You’re introduced to salvage during the career agent tutorials and given the skill book as part of that mission. Before starting salvaging you’ll need to go out and pick yourself up some Salvager I modules, how many depends on the ship you’ll be flying. Currently, I have a destroyer (Catalyst) set up with the following:

  • 4x Salvager I
  • 3x Beta Reactor Control I
  • 1x Cap Recharger I
  • 1x 1MN MicroWarpdrive I

With this setup, I can run all 4 salvagers and the MWD indefinitely. If I add 2x Small Capacitor Control Circuit I, I could also run 4x Small Tractor Beam I.

So yes, I can salvage my own missions, but why stop there? In addition to the Catalyst, I also have am Imicus loaded with Combat Scanner Probes. I park both ships in a system with a few level 4 mission agents, use the Imicus to scan down other players running missions then switch to the Catalyst and salvage their wrecks. This is not without risk, but can net you significant piles of cash for minimal effort. There’s a great guide on how to do this here (thought I’m using different ships). It’s important to note a couple of things before you start doing this:

Icons:

  • Empty inverted pyramid: Wreck does not contain any loot
  • Filled inverted pyramid: Wreck contains loot. Salvaging a wreck that contains loot transfers all the loot in to a cargo container in the same location
  • Diamond: Cargo container. Contains loot and (usually) implode when emptied.

Colours:

  • White: Your wrecks. You can loot, salvage and tractor these without any risk
  • Blue: Someone else’s wrecks that they have intentionally abandoned. For all intents and purposes, you can consider these the same as white wrecks.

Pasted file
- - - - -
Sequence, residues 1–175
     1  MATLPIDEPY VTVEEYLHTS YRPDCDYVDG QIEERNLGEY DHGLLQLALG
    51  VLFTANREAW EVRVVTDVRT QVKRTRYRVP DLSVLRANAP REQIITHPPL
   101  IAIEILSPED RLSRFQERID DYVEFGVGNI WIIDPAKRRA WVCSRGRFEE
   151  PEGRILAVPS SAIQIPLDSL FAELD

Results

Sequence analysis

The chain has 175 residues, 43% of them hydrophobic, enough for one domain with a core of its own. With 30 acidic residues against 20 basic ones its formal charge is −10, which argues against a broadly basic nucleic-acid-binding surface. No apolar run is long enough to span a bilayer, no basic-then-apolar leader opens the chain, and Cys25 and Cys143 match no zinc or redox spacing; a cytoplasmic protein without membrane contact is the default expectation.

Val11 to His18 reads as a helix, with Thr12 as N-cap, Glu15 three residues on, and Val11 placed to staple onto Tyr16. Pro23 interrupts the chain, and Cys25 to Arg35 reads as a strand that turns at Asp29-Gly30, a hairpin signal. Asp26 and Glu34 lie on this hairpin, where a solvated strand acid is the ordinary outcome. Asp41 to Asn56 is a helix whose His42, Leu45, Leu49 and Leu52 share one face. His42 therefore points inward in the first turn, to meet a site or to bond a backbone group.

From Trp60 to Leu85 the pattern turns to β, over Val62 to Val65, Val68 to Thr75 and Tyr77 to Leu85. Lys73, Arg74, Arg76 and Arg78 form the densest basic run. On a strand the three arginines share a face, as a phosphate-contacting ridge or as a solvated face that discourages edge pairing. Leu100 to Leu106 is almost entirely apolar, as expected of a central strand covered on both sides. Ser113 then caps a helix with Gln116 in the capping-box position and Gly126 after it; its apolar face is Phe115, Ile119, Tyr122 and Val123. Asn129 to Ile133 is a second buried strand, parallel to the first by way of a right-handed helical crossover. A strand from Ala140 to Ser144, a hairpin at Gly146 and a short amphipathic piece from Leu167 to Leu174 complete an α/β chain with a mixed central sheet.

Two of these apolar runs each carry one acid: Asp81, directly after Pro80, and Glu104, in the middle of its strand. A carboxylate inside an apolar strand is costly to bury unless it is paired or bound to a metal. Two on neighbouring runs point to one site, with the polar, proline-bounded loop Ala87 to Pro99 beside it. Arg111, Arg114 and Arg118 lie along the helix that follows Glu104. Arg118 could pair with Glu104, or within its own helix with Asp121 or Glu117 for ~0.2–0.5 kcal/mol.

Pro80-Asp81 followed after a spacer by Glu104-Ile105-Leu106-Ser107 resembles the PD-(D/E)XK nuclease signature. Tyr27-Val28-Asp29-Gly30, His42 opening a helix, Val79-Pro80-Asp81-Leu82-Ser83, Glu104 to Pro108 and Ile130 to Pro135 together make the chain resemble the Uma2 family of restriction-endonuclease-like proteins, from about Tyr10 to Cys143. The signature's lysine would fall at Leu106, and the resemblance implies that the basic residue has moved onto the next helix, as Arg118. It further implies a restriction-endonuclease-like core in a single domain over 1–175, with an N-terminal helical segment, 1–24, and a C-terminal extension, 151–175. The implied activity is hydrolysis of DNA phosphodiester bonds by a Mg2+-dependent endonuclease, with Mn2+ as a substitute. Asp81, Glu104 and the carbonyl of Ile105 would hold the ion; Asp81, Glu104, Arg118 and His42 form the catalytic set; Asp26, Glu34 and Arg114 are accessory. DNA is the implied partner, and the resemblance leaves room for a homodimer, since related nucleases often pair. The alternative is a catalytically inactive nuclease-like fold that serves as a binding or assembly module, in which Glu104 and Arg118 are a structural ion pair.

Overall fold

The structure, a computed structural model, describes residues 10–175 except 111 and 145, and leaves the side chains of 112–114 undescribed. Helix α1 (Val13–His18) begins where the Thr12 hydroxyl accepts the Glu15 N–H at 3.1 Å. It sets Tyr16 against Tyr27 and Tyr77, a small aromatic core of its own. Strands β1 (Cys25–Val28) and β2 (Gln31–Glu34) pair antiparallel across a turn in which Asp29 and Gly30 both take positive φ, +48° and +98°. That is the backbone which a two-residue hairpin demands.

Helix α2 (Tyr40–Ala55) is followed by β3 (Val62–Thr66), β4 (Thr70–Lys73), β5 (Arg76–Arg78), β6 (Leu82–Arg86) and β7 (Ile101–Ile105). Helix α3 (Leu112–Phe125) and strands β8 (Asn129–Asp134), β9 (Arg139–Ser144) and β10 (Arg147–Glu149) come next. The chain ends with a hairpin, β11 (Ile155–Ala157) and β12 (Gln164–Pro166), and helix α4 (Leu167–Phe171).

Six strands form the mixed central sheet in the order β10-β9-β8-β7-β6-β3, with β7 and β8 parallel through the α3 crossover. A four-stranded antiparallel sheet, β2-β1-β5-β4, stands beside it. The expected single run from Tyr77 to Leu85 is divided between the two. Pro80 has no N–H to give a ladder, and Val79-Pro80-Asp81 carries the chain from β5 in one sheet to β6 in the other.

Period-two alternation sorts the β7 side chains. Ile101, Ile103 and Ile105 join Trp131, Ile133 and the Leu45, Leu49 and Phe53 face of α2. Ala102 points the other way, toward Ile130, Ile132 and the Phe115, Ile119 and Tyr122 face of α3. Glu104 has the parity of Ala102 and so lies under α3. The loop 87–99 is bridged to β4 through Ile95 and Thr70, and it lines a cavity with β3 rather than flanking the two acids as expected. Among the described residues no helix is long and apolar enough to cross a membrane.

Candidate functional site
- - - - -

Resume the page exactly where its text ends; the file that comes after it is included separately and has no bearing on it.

• Yellow: Someone else’s wrecks that they have not abandoned. You can not tractor yellow wrecks, however you can still salvage them without risk. If a yellow wreck (or container) contains loot you may open it and view the contents, however be warned; removing anything (other than salvage) will be flag you with a 15 minute aggression timer during which the owner, and their entire corporation, may attack you without Concord responding.

With practice and patience you can make this an exceptionally profitable venture. I like to scan down several people at once, bookmark their positions and then come back a little later. This gives them a chance to finish up and reduces the odds of them still being there when you take your salvage boat out to clean up their wrecks (it also means that any structures and leftover NPCs will have despawned) leaving you free to scoop up everything they’ve left behind. How profitable are we talking? Salvage items can sell for anything up to 200k ISK each (there’s only a couple that go for this much in fairness) and you can chuck extra zeros on the end of that if they’ve left loot on the ships, especially when you start looting battleship wrecks.

Leveling Your Bank Balance

Lone StarListen! We’re not just doing this for the money! We’re doing this for a SHIT LOAD of money!”
 – Lone Star (Spaceballs)